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The Game Within the Game

by Scott Rintoul / Vancouver Canucks
With the NHL trade deadline less than three weeks away, the main complaint from general managers around the league is the same as it has been all season long; it’s impossible to make a trade!

With the level of parity in the NHL right now, most teams are still in the playoff hunt meaning there are a lot more clubs looking to add proven talent rather than subtract it. That high demand coupled with the low supply of players available results in prices that are too high for most GMs to stomach. And that’s no good for fans that want to see some swappin’ as the post-season approaches.

So how do we stimulate this stagnant market? The North American way: TV game shows. In fact, the institution of a few quality principles from select competitions on the ol’ boob tube could really spark fan interest at various points of the year.

Scott Rintoul is a host of the BMac and Rintoul show on the Team 1040 broadcaster in the mornings starting at 6am.

Send him an email.

Find two GMs that are interested in shaking up their respective teams and let them play simultaneous games of Deal or No Deal. Here’s how it works: the jerseys of all 22 players on the one team’s roster are placed in briefcases. Ditto for the other team. GM 1 chooses his brief case containing a jersey from the other team and GM 2 does the same from the other lot. GM 1 then eliminates five briefcases, which are then opened to show him five players he won’t be receiving. GM 2 does the same and then both look at lists of the players that remain. (The audience can see all of this and will make comments to one another like, “Well I guess we aren’t getting Mats Sundin, but at least we won’t get stuck with Andrew Raycroft!”)

Based on what he sees remaining, GM 1 can make an offer for whichever player remains in the briefcase. GM 2 can accept, decline or counter. The process continues until a deal is reached or the brief cases get opened. The tension would be thicker than Roseanne’s waistband as players were dropped off the board. Sure, somebody might end up trading Scott Gomez for George Parros based on the luck of the draw, but at least we’d have some guaranteed activity.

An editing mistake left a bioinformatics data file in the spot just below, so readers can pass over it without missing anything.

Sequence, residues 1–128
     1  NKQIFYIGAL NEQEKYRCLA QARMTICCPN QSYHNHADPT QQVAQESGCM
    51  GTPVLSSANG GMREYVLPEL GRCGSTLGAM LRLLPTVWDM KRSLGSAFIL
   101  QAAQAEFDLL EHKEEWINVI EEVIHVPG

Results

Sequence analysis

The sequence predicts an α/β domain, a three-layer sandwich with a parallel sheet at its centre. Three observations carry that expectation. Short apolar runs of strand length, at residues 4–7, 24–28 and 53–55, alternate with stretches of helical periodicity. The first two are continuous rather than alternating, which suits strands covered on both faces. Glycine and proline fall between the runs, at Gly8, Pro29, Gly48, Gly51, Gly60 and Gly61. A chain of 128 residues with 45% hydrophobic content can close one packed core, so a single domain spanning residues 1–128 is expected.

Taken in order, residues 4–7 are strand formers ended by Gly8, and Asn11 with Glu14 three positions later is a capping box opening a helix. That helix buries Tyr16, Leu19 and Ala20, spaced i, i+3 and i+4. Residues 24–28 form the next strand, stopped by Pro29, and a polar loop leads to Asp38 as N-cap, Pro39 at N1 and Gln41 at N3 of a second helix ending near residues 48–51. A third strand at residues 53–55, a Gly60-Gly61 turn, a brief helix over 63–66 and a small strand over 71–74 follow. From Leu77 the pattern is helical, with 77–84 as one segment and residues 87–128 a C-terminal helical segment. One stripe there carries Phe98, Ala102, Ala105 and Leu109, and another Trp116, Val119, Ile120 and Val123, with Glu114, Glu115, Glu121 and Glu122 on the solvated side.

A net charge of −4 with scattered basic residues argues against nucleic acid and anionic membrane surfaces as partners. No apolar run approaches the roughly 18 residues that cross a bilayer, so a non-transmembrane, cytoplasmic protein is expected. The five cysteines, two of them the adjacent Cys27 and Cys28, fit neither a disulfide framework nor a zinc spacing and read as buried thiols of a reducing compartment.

The draft isn’t really that broken, but after the first round a lot of fans lose interest. That wouldn’t happen as often if Gary Bettman employed the Let’s Make a Deal philosophy.

Check out this scenario: your team has just used the 94th pick in the entry draft to choose Jaroslav Mikostarn, a Slovakian centre who had a decent year in the Swiss league. You don’t know much about him, and your favorite club might be in the same situation. But all of a sudden, here comes James Duthie (who gets to be Monty Hall for the day) with this proposition:

“[insert GM name here], you can leave the stage right now with the rights to Jaroslav Mikostarn, or you can take your chances with what’s behind one of those three doors. The Penguins have come to the table and are interested in dealing for Mikostarn, and they’ve offered up a third round pick next year or the possibility of getting one of their top prospects, Jonathan Filewich.”

Your GM turns to the crowd, which is imploring him to make a deal.

“Ok James. Let’s make a deal. I’ll give the Penguins Mikostarn for what’s behind door #2.”

James: “You heard the man, let’s see what’s behind door #2!”

There is the gentle rumble of murmuring in the crowd as the withdrawn curtain has revealed the Penguins’ 2009 3rd round pick.

James: “I’m going to give you one last chance to make a deal You can keep that pick, or you can try to get Filewich,, who is behind either door #1 or door #3.”

A 50/50 shot at one of the Pens’ top prospects? The crowd is now going nuts for the GM to cash in his chips one more time.

“You know what James? I’m feeling lucky. Show me what’s behind door #1.”

Is it Filewich? Is it a donkey and a bale of hay like the ones that were often behind the second door chosen? No one’s leaving his couch at that point…


I believe Bob Barker and the boys have the solution for signing free agents: the Showcase Showdown.

Here’s how it would work: For each free agent that has a household name, any GM that wanted to sign him would get to spin the wheel. Just like on the Price is Right, the closest to $1.00 on the wheel make it into the Showcase Showdown. Just to make it more interesting, I’d allow three GMs to bid on the UFA in question. But here’s the kicker; since everyone’s sick of seeing teams overpay just to get somebody in the summer, I’d employ an arbitrator to place a secret value on the free agent. The arbitrator would determine a reasonable three-year contract for the player up for grabs and then the GMs would bid.

Host: “Get ready to cash this Czech and gain interest immediately. This smooth-skating winger comes complete with soft hands that he’s not afraid to get dirty at his own end of the rink. He’ll not only create a goal a game, he’ll prevent one as well. This one time Sen is ready to use his pen to sign on the dotted line. Yes, gentlemen, Marian Hossa can be yours, if the Price is Right.”

Just like on the game show, the contestant closest to the arbitrator’s value without going over will be awarded the UFA. Players will hate it, but it would give small market teams a chance to land a highly coveted free agent, and we wouldn’t see anyone paying $5 million per year for Martin Lapointe like we did a few years ago.
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